In the future according to writer/director Joseph Kosinski, mankind is rebuilding itself after a catastrophic war with an alien force known as the Scavengers (AKA the Scavs). The Scavs kicked things off by blowing up the moon, causing mayhem to oceans and werewolves alike. In retaliation and in the biggest act of cutting off your nose to spite your face, Earth detonated its supply of nuclear weapons before hightailing it to the planet Titan. The only inhabitants of Earth are now Tom Cruise and Andrea Riseborough as Commander Jack Harper and his lover, Victoria Olsen; a couple who look after and repair an army or drones that in turn protect the hydropower stations that provide energy to the colony on Titan. But post-apocalyptic life isn’t that easy and Tom finds his day to day life blighted by remnants of the Scav army. But it doesn’t stop there folks, oh no! Into the fray, comes Julia Rusakova (Olga Kurylenko) the lone survivor of a ship that disappeared the same time the war started. What’s her connection to Tom and why is Andrea so suspicious of her? All will be answered in this derivative, limp noodle of a film.
Okay, cards on the table. Oblivion is not the worst film in the history of the motion picture, but it doesn’t help itself. There is just so many things that require patching up or just a little more thought. It’s the cinematic equivalent of watching a man leap from a tall building with only a napkin to help him land safely. You have to admire them for the courage of their convictions, but the final result could have been better with some more planning.
It’s not so much the cherry picking of other films that stings (The Matrix, Star Wars, Wall-E, Phantasm, and Independence Day), it’s the internal logic that hurts. For example, the Scavs are shown early on to be feral, parkour experts, but by the third act they flail around like a monkey licking a plug socket. And there is so much spoon feeding repetition the script feels like it was written by Johnny Two-Times before he got the papers. A 5 minute opening narrative by the Cruise is not only repeated verbatim later to Kurylenko, but it’s referenced numerous times before then, leaving it totally redundant to be at the beginning in the first place. We are a smart collective of people Kosinski! We are capable of picking up the bread crumbs you leave. It’s almost insulting the film feels we need to take breaks every 20 minutes for exposition review.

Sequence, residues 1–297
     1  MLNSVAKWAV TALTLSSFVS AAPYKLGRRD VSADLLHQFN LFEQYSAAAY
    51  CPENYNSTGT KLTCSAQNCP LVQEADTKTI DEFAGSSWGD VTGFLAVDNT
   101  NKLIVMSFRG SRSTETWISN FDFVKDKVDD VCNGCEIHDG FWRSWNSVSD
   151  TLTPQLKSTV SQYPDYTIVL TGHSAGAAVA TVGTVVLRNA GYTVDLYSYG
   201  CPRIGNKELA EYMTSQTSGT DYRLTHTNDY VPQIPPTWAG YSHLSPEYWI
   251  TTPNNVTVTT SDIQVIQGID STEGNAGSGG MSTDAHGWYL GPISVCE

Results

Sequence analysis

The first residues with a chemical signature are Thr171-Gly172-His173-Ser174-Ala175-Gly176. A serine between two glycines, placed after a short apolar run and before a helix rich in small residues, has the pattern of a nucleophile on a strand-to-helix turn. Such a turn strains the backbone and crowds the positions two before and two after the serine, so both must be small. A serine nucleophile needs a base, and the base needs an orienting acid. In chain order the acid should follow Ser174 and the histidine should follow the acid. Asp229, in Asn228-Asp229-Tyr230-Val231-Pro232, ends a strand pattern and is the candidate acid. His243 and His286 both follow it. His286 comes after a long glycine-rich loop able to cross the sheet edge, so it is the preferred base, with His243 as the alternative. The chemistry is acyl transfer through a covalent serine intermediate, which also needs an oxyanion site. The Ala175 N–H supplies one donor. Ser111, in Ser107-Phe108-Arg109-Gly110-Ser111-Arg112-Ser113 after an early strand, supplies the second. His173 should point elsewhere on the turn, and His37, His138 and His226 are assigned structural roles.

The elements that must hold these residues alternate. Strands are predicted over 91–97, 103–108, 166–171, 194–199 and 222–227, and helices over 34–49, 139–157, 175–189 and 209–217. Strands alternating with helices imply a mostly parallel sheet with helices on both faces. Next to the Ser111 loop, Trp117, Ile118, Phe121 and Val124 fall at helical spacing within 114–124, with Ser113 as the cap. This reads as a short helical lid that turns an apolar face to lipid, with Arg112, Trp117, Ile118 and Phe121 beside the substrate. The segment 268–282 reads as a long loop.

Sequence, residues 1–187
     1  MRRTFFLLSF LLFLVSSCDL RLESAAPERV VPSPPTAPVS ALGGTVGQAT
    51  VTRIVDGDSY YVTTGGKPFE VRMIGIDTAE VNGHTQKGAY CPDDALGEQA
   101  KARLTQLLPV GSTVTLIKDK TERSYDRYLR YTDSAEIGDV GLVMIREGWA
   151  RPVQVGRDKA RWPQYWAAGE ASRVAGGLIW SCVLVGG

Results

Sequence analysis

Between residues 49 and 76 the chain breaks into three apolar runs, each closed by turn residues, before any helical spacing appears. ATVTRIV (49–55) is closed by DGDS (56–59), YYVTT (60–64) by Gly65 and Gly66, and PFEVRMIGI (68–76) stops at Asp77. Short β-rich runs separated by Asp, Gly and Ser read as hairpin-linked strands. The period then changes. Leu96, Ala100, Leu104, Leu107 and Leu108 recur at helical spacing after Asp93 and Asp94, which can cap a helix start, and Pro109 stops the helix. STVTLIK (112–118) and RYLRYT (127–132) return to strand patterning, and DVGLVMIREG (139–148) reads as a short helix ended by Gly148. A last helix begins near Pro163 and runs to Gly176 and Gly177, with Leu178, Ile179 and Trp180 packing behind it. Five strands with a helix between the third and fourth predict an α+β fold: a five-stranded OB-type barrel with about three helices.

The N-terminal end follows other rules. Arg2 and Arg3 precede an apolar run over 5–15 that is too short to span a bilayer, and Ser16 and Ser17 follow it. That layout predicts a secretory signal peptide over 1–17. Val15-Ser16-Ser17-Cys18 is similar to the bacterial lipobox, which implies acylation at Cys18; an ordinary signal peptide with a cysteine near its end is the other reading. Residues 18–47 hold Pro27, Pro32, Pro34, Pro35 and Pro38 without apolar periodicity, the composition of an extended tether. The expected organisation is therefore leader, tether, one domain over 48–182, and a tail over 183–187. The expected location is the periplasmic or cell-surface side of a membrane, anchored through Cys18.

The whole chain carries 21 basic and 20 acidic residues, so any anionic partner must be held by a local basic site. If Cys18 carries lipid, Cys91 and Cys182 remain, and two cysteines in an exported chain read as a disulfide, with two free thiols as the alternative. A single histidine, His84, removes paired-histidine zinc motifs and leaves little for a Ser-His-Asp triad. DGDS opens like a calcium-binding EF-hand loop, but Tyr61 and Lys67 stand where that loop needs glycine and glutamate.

The only saving grace of this entire Crayola drawing is in the form of Riseborough, who provides the film with its only nuances and genuine emotion. A flashback to her early relationship with Tom is loaded with meaning that can’t be expressed in words or bloody narration. In fact, this one scene alone makes us wish that she had Kurylenko’s part, who does very little other than simmer and look suspicious. Risebourough is such a joy to the film that is criminal how little she is used and how her character is reduced to nothing more than a quick downward spiral to loony bin territory. This is not her fault, but highlights the problems with a script that resolves things off screen or through exposition.
With a dénouement that will have you shaking your fists at the screen, Oblivion is a frustrating film that suggests that you may not be able to polish a turd, but you can use smoke and mirrors to hide it for bit.